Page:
•City People Reveals The 2 Tech Gurus Who Started The Bank
Against the yearnings and heap of complaints by banking customers, Kuda Bank has come to bridge the gap in Nigeria’s financial market.
The millennial bank, Kuda Bank is the first financial institution that comes close to creating a convenient platform, where customers can carry out all their banking transactions without having to visit a physical branch.
Kuda Bank, founded by Babs Ogundeyi and Mustapha Musty, started out in 2016 as Kudimoney (“the bank of the free”), online-only savings, and lending platform, and had gone through a couple of funding rounds before transitioning into Nigeria’s first actual digital-only bank without a physical location.
Kuda Bank is modelled for the internet-savvy population, providing them with the same banking services irrespective of location, but without the time and stress that comes with conventional banking.
Users can open a Kuda account by simply downloading the app and signing up, after which they get a free debit card delivered at no cost nationwide within two weeks.
This will save the time of queuing in the bank and resolve complaints from a mobile device without having to visit any bank.
To make it easy for users to resolve transaction issues that may occur while using the app, Kuda provides the 30-digit session ID for every transaction.
Kuda Bank also has an automatic savings option where users can save automatically and earn up to 15% annual interest.
Let’s even shock you more, Kuda bank do not deduct any form of bank charges from your account or any of your transactions
As part of the launch promotion, the bank offered 25 free interbank transfers monthly for all customers who opened a Kuda account before January 1, 2020 while extra transfers to other banks cost N10 each.
Kuda has a wide branch network where customers can make deposits for free, thanks to its partnership with three of Nigeria’s biggest banks.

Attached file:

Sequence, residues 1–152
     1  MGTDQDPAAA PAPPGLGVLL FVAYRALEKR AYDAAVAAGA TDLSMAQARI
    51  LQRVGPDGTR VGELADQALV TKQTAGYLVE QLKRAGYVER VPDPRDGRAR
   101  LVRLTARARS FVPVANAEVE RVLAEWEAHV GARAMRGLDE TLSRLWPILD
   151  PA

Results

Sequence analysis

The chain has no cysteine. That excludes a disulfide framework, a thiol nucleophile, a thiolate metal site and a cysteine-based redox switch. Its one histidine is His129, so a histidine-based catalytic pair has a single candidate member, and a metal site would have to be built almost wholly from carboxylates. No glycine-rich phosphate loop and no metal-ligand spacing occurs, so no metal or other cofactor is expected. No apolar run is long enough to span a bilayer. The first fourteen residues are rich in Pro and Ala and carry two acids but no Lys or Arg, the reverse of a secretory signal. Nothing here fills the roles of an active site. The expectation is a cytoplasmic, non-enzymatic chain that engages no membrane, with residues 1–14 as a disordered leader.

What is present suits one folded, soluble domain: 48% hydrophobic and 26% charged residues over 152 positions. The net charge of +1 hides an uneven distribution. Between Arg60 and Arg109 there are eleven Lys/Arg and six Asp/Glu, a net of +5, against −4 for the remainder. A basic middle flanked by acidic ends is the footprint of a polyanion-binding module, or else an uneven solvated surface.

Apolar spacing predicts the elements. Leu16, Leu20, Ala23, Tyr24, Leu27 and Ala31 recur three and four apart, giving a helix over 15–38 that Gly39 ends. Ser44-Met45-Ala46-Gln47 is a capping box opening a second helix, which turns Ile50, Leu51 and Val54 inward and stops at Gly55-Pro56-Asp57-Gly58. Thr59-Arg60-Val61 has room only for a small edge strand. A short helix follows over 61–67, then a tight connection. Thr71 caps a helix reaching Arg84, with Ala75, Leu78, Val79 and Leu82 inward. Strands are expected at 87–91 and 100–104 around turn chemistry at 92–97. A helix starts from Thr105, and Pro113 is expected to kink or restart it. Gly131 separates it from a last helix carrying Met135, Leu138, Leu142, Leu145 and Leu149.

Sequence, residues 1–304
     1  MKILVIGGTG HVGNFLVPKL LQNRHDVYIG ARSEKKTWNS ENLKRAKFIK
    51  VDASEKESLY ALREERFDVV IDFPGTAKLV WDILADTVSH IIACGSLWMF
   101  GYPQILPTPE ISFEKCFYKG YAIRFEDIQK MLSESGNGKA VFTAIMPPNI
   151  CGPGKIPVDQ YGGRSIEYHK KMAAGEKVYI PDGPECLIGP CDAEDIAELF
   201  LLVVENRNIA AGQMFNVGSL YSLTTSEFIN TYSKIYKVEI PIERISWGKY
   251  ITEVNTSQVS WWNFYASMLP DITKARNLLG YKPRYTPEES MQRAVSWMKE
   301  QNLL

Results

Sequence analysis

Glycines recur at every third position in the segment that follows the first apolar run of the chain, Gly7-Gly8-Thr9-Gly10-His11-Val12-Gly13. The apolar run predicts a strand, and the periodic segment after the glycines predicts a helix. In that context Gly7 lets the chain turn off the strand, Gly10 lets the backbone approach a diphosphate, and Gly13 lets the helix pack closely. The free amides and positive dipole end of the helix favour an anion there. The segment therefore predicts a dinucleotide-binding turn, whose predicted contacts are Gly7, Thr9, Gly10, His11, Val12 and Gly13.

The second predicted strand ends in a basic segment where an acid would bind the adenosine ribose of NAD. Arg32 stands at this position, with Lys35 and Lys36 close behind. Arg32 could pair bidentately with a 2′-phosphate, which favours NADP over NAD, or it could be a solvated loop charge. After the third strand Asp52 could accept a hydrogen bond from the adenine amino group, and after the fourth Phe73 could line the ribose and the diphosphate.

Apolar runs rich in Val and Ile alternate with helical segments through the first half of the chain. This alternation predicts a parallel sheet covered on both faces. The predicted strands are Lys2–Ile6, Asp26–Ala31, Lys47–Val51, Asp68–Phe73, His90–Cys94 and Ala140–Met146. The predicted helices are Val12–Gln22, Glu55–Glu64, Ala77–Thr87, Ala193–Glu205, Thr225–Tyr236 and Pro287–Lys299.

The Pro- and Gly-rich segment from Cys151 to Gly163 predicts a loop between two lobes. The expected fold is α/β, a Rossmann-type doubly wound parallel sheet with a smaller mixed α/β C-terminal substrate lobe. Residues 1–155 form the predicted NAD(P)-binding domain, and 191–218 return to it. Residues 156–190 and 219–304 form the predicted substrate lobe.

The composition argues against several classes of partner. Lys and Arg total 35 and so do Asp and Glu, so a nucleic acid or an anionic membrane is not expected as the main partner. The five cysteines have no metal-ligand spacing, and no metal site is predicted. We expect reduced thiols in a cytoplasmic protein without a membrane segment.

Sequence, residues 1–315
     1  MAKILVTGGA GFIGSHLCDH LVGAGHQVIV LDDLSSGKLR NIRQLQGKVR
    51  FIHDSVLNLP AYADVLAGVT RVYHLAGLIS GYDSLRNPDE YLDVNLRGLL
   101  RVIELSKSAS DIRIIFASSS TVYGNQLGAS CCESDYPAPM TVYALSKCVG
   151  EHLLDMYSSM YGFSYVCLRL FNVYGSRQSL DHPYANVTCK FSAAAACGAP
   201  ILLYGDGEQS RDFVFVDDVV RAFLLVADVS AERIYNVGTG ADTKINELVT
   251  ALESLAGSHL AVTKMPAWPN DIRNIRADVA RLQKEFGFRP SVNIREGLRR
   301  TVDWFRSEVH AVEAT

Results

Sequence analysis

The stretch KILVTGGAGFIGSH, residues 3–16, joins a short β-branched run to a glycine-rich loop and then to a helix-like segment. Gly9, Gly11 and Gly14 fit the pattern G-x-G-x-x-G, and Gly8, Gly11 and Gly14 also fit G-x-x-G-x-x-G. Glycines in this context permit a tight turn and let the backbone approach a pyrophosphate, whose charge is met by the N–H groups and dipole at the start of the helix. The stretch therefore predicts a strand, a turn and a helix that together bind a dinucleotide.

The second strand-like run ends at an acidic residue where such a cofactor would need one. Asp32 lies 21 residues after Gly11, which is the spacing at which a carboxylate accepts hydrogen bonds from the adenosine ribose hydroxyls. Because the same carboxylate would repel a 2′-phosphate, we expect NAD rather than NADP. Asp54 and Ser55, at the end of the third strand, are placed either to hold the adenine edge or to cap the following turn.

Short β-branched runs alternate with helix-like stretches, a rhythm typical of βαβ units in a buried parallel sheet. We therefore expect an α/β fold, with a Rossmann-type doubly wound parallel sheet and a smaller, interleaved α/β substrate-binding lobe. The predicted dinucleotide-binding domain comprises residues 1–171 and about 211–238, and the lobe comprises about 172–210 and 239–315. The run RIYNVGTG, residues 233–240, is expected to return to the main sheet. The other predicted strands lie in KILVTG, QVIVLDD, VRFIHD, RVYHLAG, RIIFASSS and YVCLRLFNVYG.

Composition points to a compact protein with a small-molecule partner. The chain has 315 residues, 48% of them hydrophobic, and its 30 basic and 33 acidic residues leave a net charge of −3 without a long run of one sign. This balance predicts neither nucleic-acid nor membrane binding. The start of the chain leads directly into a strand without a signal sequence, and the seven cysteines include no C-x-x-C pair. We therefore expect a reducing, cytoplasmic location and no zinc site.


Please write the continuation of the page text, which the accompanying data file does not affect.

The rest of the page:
Debit cards are also issued by access bank, pursuant to a license from Visa International & Verve.
The bank also offers a high level of security to protect customers’ personal information from unauthorized use, and allows them to freeze debit cards from the app when it goes missing.
Other security features include; a validation mechanism for every user, a circuit-breaking mechanism that flags down transactions higher than the usual range. This way, if a customer that usually does ¦ 50, 000 transfers, suddenly attempt an N500, 000 transfer, it will be flagged to alert the customer of a potential mistake, or of a fraudulent transaction.
Besides its partnerships with Access Bank, Guaranty Trust Bank, and Zenith Bank, Kuda Bank recently became the first Nigerian bank to be added as part of the Binance P2P payment options, making it possible for people carrying out Peer trading of cryptocurrency on Binance to make and receive payments with their Kuda Account.
Its ‘Spend and Save’ feature is similar to what is found on other Fintech apps, and it automates the removal of 2% of every expense made from the user’s balance as savings for a rainy day fund.
Like other competing Fintech, Kuda Bank also has to do a KYC feature that verifies user information using the Bank Verification Number (BVN).